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New Michael Perry Book Features Cannon-Building Neighbor (Author of the bestselling memoirs Population: 485, Truck: A Love Story, and Coop)

Tue, Aug 7th, 2012
Posted in All State of Minnesota

Visiting Tom: A Man, A Highway, and the Road to Roughneck Grace

Format: Hardcover; Pages: 320; $24.99;

PUBLISHER RELEASE: August 21, 2012


If you live in the country, it is not unusual to hear the sound of roosters or cattle. Or, in the case of author Michael Perry (a resident of Fall Creek, Wisconsin, and a native of New Auburn, Wisconsin), the boom of a 300-pound homemade cannon, fired by Perry’s 82-year-old neighbor Tom.

Tom works in a garage Perry describes as “an antique shop stocked by Rube Goldberg, curated by Hunter Thompson, and rearranged by a small earthquake.” He makes joke shovel handles, parts for quarter-million-dollar farm equipment, and his own cannons. He milked cows well into his 70s, used to drive a team of matched oxen in parades, and is approaching his 60th wedding anniversary with a woman he courted on a 1948 Harley-Davidson. His farm is also split in two by a highway that dumps over 8 million vehicles past his porch every year.

“I wanted to write a book about old-timers,” says Perry, the author of several bestselling books including Population 485, Truck, and Coop, “and Tom does remind me of the old-timers my parents used to visit around our farm in New Auburn. But as a Dad raising two girls in this modern age, I became more interested in what Tom could teach me as a husband and a father. Plus, he’s a terrific storyteller, whether grumping about the dad-gum government or describing his three-legged dog.”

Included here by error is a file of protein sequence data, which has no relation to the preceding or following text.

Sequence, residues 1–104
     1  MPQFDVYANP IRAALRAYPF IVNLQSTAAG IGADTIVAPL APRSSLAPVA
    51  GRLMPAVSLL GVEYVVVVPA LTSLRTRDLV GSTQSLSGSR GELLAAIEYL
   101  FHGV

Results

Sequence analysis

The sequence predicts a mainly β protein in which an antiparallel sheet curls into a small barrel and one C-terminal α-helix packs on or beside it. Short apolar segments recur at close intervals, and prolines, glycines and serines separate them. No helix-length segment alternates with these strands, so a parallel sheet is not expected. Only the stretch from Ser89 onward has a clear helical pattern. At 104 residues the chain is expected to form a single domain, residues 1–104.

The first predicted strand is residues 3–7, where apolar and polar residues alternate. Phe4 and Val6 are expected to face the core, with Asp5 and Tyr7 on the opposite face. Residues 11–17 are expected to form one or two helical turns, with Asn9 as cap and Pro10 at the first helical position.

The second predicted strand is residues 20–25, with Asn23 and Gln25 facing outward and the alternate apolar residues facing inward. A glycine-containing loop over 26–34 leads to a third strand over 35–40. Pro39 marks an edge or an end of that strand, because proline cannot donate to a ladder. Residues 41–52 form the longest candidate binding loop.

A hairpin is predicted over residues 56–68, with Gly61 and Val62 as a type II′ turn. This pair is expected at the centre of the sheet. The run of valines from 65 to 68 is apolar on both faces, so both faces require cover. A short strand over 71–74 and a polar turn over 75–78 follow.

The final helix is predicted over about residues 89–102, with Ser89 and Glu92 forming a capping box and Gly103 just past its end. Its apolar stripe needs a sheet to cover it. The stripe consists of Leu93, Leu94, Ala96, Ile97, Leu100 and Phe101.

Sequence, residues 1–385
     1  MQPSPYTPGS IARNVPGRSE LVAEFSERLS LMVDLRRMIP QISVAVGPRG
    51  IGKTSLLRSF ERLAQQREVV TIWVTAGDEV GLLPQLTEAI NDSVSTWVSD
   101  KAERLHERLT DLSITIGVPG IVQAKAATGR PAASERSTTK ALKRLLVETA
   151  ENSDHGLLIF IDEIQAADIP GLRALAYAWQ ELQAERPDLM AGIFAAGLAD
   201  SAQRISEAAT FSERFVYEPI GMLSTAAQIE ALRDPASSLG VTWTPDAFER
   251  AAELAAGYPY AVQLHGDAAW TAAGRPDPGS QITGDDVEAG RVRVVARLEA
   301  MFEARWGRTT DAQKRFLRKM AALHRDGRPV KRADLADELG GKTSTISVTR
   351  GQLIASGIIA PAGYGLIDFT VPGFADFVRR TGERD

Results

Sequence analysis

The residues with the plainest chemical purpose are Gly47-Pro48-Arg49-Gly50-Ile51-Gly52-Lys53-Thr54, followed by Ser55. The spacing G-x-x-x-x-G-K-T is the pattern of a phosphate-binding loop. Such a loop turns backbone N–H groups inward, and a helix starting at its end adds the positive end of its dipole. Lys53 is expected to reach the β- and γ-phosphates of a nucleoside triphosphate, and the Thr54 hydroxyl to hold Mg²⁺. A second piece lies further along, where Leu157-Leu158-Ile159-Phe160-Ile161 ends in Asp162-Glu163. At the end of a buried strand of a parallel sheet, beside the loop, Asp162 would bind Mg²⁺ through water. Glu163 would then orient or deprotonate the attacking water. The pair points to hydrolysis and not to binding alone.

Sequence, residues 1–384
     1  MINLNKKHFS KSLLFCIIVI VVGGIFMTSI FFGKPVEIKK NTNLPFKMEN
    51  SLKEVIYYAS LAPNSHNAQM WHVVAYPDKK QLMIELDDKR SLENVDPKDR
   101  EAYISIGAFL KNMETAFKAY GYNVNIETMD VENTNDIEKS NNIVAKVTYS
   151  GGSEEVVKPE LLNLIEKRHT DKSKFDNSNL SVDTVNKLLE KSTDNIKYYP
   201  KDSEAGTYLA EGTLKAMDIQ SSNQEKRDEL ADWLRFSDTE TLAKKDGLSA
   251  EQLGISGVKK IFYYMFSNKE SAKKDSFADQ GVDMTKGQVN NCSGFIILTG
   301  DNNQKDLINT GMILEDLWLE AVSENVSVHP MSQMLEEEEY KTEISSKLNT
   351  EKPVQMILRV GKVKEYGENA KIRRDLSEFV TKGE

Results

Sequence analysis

Through a series of visits (to share dinner, to get a brush hog welded, to gather honey, and – when Tom is taken ill – to the hospital) Perry uses a combination of roughneck humor and thoughtful reflection to tell the story of how Tom and his wife taught him to be a better neighbor – even if that means acting a little grumpy now and then.


“Plunges into the soul of the American heartland. While Foxfire fans will relish the emphasis on forgotten crafts and tools, others will appreciate Perry’s gift as a bucolic wordsmith, etching a sensitive portrait of vanishing country life where ‘the light of a firefly is the size of a teardrop.’”

For more information, promotional materials, and interview requests please contact:

Alissa Freeberg

Assistant | Author Michael Perry




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